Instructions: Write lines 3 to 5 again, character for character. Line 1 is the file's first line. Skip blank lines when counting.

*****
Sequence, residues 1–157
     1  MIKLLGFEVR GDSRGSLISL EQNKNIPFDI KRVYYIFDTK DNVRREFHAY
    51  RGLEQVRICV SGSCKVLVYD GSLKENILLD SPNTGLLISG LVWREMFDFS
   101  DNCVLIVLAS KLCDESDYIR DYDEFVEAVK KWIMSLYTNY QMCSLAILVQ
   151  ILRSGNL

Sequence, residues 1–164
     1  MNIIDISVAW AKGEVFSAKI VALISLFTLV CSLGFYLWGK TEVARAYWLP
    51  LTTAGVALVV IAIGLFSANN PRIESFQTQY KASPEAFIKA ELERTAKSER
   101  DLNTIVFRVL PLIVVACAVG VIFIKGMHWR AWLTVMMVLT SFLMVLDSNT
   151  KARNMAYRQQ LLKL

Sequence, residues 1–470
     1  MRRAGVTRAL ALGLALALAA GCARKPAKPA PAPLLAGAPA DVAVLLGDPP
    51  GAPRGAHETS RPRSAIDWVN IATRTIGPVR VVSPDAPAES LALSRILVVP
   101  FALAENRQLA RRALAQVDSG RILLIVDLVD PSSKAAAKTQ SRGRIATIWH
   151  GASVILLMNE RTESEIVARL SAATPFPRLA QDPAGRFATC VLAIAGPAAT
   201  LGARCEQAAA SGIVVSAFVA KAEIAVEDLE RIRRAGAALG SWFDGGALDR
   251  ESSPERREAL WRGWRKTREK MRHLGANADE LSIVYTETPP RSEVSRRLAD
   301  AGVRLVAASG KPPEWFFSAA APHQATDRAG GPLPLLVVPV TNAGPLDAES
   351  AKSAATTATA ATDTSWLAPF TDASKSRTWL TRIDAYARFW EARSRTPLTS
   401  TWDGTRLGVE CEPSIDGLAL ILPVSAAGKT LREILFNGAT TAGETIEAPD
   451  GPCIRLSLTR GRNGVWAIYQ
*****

    51  RGLEQVRICV SGSCKVLVYD GSLKENILLD SPNTGLLISG LVWREMFDFS
   101  DNCVLIVLAS KLCDESDYIR DYDEFVEAVK KWIMSLYTNY QMCSLAILVQ
   151  ILRSGNL